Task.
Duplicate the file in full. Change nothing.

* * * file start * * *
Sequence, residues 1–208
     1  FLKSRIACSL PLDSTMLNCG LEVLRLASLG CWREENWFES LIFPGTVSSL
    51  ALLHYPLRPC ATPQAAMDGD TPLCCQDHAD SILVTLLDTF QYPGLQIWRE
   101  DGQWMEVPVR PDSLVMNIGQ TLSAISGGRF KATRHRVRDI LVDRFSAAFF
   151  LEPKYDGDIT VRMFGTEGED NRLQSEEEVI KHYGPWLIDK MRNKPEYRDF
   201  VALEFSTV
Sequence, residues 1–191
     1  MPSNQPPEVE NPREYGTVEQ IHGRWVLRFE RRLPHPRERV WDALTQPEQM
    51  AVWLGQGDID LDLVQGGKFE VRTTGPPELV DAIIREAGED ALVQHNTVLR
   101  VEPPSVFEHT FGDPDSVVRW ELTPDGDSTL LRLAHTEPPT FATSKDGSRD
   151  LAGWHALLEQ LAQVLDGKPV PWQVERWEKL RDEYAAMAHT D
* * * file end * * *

Sequence, residues 1–208
     1  FLKSRIACSL PLDSTMLNCG LEVLRLASLG CWREENWFES LIFPGTVSSL
    51  ALLHYPLRPC ATPQAAMDGD TPLCCQDHAD SILVTLLDTF QYPGLQIWRE
   101  DGQWMEVPVR PDSLVMNIGQ TLSAISGGRF KATRHRVRDI LVDRFSAAFF
   151  LEPKYDGDIT VRMFGTEGED NRLQSEEEVI KHYGPWLIDK MRNKPEYRDF
   201  VALEFSTV
Sequence, residues 1–191
     1  MPSNQPPEVE NPREYGTVEQ IHGRWVLRFE RRLPHPRERV WDALTQPEQM
    51  AVWLGQGDID LDLVQGGKFE VRTTGPPELV DAIIREAGED ALVQHNTVLR
   101  VEPPSVFEHT FGDPDSVVRW ELTPDGDSTL LRLAHTEPPT FATSKDGSRD
   151  LAGWHALLEQ LAQVLDGKPV PWQVERWEKL RDEYAAMAHT D